As piano graduation chair, I actually did extremely little. That's how good we are together. Everyone has her job. Our board absolutely rocks. When one of us screws up, the other fixes it. We just get it done. I just love these women and I learn so much every year. How many times in your life do you get to work with a group with this kind of chemistry? Only a few. It's such a joy.

Thank you Calvin, for printing out the 131 graduation certificates, one by one, with my skitzy printer. You are my hero.

Last Saturday, March 15, was the graduation day for the rest of the S.A.M. students, that is, the guitars, harps, violins and flutes and other strings. Upper level pianists from books 6 and 7 can audition to play as honors students on one of these recitals. This year five students were chosen. Calvin, and Sami from my studio, along with Charlie-student of Beth Turco and Keiran and Morgan students of Suzanne Greer, played their pieces at the guitar and harp recital at Bethel College.

It was wonderful. The kids did a great job and there was a full audience and we all had programs. . . see, we get better every year. . .

By inviting these five students to play, the S.A.M. builds a bridge between the pianists and all the other instruments. Logistically, pianists need to have our own graduation day, like we do, but sharing our top graduates means a lot to us. We get to show off our kids and be a part of the greater Suzuki community. Now that I have been going to their graduation day several years in a row I'm starting to understand their process and get to know the teachers and students too. We are all on the same team.

After the recital one of the violin teachers caught me in the hall and told me a back stage story. Sami played last of the five kids. This teacher told me that after each pianist came back from performing Sami told them great job and gave them each a specific compliment. She called Sami a "good Suzuki kid." I'm almost more proud of that than I am of her beautiful playing. We are all on the same team. Sharing the gift of music.

Congrats to Nehemiah, Solomon, Calvin, Sami, Britta and Kajsa, upon your 2014 graduations from book levels, and to Sami and Calvin for your honors performances. You are part of a wonderful  community--celebrating children and music--in that order.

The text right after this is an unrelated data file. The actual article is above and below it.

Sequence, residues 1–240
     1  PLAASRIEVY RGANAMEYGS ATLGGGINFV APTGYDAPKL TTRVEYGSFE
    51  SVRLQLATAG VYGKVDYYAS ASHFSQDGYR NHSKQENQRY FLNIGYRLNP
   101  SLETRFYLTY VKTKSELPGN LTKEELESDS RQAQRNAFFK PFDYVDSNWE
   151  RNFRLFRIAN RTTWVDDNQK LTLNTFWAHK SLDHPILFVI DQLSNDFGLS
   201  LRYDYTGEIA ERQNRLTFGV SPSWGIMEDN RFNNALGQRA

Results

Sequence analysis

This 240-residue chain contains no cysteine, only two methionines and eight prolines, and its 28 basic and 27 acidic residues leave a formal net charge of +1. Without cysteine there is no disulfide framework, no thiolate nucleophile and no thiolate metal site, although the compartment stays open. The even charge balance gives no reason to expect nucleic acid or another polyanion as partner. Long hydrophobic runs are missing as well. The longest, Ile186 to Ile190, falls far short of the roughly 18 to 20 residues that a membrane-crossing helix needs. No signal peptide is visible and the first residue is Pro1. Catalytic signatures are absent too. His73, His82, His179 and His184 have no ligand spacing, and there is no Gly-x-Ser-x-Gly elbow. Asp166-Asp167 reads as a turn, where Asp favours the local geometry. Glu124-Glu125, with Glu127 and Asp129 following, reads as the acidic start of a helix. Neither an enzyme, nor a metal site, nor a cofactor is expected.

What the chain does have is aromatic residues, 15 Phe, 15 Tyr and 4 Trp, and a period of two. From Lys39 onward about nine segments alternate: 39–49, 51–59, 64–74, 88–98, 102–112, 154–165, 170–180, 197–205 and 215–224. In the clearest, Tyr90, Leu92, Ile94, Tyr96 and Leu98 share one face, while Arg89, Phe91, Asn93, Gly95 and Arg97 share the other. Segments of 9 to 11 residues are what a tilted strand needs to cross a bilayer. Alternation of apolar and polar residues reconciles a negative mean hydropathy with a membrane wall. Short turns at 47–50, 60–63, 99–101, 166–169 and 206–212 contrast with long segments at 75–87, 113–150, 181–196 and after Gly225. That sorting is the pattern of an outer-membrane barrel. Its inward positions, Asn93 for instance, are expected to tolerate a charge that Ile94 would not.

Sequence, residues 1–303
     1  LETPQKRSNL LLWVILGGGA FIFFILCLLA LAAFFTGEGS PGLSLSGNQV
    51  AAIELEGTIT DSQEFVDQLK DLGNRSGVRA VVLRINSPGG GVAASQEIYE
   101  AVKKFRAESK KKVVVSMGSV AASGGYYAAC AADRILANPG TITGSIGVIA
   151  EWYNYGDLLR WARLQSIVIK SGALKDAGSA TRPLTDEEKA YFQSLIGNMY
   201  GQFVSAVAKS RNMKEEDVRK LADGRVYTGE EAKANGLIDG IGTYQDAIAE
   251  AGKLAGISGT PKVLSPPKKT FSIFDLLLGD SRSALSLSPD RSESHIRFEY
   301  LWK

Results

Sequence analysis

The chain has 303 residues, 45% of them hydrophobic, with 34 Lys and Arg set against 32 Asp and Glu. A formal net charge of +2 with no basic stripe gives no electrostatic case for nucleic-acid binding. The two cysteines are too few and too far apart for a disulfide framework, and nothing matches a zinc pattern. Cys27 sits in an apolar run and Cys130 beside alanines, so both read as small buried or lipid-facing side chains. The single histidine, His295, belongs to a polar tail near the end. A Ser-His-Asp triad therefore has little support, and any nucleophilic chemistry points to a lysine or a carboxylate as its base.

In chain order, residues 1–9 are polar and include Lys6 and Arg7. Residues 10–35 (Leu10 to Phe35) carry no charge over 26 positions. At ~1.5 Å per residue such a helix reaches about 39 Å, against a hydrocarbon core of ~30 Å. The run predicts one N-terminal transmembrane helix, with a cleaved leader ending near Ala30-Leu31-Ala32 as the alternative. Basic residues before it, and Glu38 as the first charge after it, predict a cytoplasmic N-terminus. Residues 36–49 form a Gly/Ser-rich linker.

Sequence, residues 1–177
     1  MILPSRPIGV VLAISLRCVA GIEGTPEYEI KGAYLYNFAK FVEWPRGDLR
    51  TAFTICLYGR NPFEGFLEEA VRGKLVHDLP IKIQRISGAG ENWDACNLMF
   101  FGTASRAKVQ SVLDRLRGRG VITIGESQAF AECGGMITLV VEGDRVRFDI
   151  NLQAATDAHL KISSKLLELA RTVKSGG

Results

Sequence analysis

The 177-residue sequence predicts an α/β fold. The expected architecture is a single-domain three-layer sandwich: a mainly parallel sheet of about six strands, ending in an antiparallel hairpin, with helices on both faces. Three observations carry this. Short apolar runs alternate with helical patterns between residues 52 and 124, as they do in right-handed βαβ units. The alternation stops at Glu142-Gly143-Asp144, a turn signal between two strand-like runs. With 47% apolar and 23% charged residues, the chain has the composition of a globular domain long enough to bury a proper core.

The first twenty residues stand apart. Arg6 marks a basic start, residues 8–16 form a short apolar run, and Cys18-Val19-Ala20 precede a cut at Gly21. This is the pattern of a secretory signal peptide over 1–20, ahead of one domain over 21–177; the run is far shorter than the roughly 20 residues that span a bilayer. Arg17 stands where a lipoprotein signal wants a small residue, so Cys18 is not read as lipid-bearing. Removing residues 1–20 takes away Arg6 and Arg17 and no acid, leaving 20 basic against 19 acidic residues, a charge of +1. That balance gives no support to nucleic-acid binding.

Link to Calvin's Dr. Gradus at Bethel
Link to Sami's Wedding Day at Troldhaugen at Bethel

Tuesday, March 4, 2014

Not the Last Rodeo

Oh Houston.

What shall I write about?

About how I left my purse on the airplane and the honest John Denveresque man in seat 12B from northern Iowa with a Montana cell phone number jumped through all kinds of hoops to look me up on the internet and drive across Houston the next day to return the purse to my friend Casey? No.

About how I had an old school full scale anxiety attack during my Brahms piece in front of a couple hundred people including Doris and a dozen other teachers whom I truly love and respect? No.

How about the commitment of the Houston Suzuki community to honor our beloved teacher trainer Doris Harrel? Yes. The last Houston workshop with our Doris. Retirement. This is the topic for today.

How about Fran getting a lovely dinner arranged with a beautiful cake and all manor of decorations.

How about the Houston Area Suzuki Teachers's making a donation on Doris' behalf to the Suzuki Association of the Americas, called a Star award. They also presented Doris with a beautiful star necklace from James Avery Company, a Texas jeweler, to help remind her of her impact.

How about Ray and Carolyn Ayers making an over the top generous donation to a new fund, in honor of Doris, to promote future teacher training in Houston. This was also matched by the Shell Oil company, to ensure that even if Doris is not traveling to Houston, their group can continue to host this workshop, and bring in the top teacher trainers from around the country.

Everyone was tender. Doris is a legacy here. The groups that she has shepherded here and in Austin are a model for future teachers and students. I'm going let someone else write about that. (Pressure is on, Vicki. . . )

Was this the last rodeo? No. Doris told me she paid her yearly teacher trainer dues, just in case something came up. Like a teacher training emergency? Smile. Hopefully, so that she can take a little time, in her own home, to mentor the next generation. I hope she will enjoy the next phase and I am curious what she will tackle. I'm sure it will be done with the same zest and love for children and music as always.

And with folks like the Ayers around we know that the Suzuki Piano Method will continue to be a blessing to the teachers and students of the Houston area for years to come. It won't be the same without our founder holding the reins, but all of us together can continue, each in our own way, to foster and share what we learned, from our piano mother. . . Dr. Doris Harrel.